The Autobiography of Benjamin Franklin
Writing free verse is like playing tennis with no net. - Robert Frost
Psalm 2 (King James Version of the Bible)
Why do the heathen rage, and the people imagine a vain thing?
2 The kings of the earth set themselves, and the rulers take counsel together, against the LORD, and against his anointed, saying,
3 Let us break their bands asunder, and cast away their cords from us.
4 He that sitteth in the heavens shall laugh: the LORD shall have them in derision.
5 Then shall he speak unto them in his wrath, and vex them in his sore displeasure.
6 Yet have I set my king upon my holy hill of Zion.
7 I will declare the decree: the LORD hath said unto me, Thou art my son; this day have I begotten thee.
8 Ask of me and I shall give thee the heathen for thine inheritance, and the uttermost parts of the earth for thy possession.
9 Thou shalt break them with a rod of iron; thou shalt dash them in pieces like a potter’s vessel.
10 Be wise now therefore, O ye kings: be instructed, ye judges of the earth.
11 Serve the LORD with fear, and rejoice with trembling.
12 Kiss thy Son, lest he be angry, and ye perish from the way, when his wrath is kindled but a little. Blessed are all they that put their trust in him.
Psalm 2 by John Milton (1653)
Why do the Gentiles tumult, and the Nations
Muse a vain thing, the Kings of th’earth upstand
With power, and Princes in their Congregations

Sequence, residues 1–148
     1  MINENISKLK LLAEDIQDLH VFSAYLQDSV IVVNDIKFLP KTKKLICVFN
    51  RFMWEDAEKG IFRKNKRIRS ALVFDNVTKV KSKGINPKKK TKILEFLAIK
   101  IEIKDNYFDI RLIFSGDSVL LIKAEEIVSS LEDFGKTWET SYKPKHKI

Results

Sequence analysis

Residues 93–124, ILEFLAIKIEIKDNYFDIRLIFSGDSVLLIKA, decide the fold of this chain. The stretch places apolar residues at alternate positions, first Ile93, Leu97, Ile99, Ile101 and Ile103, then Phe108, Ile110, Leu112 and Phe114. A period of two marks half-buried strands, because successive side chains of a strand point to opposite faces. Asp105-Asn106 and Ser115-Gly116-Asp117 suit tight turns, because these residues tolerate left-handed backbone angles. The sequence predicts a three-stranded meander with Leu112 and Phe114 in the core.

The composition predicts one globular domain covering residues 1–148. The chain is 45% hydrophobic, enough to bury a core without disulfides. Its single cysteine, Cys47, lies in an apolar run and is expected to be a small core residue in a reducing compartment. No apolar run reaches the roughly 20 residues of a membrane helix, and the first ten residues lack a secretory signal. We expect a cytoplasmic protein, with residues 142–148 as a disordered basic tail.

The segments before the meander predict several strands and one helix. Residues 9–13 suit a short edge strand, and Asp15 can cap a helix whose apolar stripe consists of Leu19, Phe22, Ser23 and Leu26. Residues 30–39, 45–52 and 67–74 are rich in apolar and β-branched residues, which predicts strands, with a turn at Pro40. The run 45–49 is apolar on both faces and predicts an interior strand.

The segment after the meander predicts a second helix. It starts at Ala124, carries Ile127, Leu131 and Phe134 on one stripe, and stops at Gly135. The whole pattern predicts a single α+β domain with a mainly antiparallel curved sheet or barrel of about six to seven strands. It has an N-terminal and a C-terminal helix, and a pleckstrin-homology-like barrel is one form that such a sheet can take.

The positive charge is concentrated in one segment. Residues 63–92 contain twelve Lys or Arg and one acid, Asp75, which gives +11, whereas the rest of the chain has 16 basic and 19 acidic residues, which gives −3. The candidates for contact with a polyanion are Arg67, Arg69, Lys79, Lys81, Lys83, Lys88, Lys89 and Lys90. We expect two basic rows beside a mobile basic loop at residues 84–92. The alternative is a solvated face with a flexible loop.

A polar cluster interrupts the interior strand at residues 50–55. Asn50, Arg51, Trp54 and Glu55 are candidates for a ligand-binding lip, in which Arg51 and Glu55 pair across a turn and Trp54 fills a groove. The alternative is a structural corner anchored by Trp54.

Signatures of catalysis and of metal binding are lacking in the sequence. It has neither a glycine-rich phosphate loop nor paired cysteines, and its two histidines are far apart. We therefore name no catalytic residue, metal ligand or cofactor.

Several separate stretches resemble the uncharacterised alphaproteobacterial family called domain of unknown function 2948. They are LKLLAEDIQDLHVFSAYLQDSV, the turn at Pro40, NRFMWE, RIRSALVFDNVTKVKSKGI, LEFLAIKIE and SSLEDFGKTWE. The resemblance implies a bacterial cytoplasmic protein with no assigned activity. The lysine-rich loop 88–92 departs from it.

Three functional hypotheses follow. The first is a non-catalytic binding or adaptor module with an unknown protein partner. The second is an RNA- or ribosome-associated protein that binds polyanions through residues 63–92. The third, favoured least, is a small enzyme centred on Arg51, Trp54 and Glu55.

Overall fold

Lay deep their plots together through each Land,
Against the Lord and his Messiah dear?
Let us break off, say they, by strength of hand
Their bonds, and cast from us, no more to wear,
Their twisted cords: he who in Heaven doth dwell
Shall laugh, the Lord shall scoff them, then severe
Speak to them in his wrath, and in his fell
And fierce ire trouble them; but I, saith he,
Anointed have my King (though ye rebel)
On Sion my holi’ hill. A firm decree
I will declare; the Lord to me hath said,
Thou art my son, I have begotten thee
This day; ask of me, and the grant is made;
As thy possession I on thee bestow
Th’Heathen, and as thy conqueror to be sway’d
Earth’s utmost bounds: them shalt thou bring full low
With Iron Scepter bruis’d, and them disperse
Like to a potter’s vessel shiver’d so.
And now be wise at length, ye Kings averse,
Be taught, ye Judges of the earth; with fear
Jehovah serve, and let your joy converse
With trembling; kiss the Son lest he appear
In anger and ye perish in the way,
If once his wrath take fire like fuel sere.
Happy all those who have him in their stay.
Psalm Two By Edward Taylor (1672)
Why do the Heathen rage? & folk
A vain thing meditate?
Kings of the earth do set themselves
& Rulers Counsel take
Against the Lord, & ‘gainst his Christ
Anointed, saying thus,
Let us asunder break Their bands
& casat Their Cords from us.
He that doth in the heavens sit
Shall laugh deriding ly;
The Lord Himself shall have them in
Then shall He speak in’s wrath
In fury vex them will.
Yet have I set my King unto
Zion my holy hill.
I will declare out the decree
The Lord hath said to me:
Thou art Mine only Son, I have
this day begotten Thee.
Ask of Me, & the heathen for
Thine ‘heritance I’ll give
And th’ utmost parts of th’ earth for
Possession will bequeath.
Thou shalt them into pieces with
A rod of iron break;
Thou shalt them dash in pieces, like
A Potter’s vessel weak.
Be wise ye Kings, instructed
Ye Judges of the earth.
Serve ye the Lord with fear then
Rejoice with trembling mirth.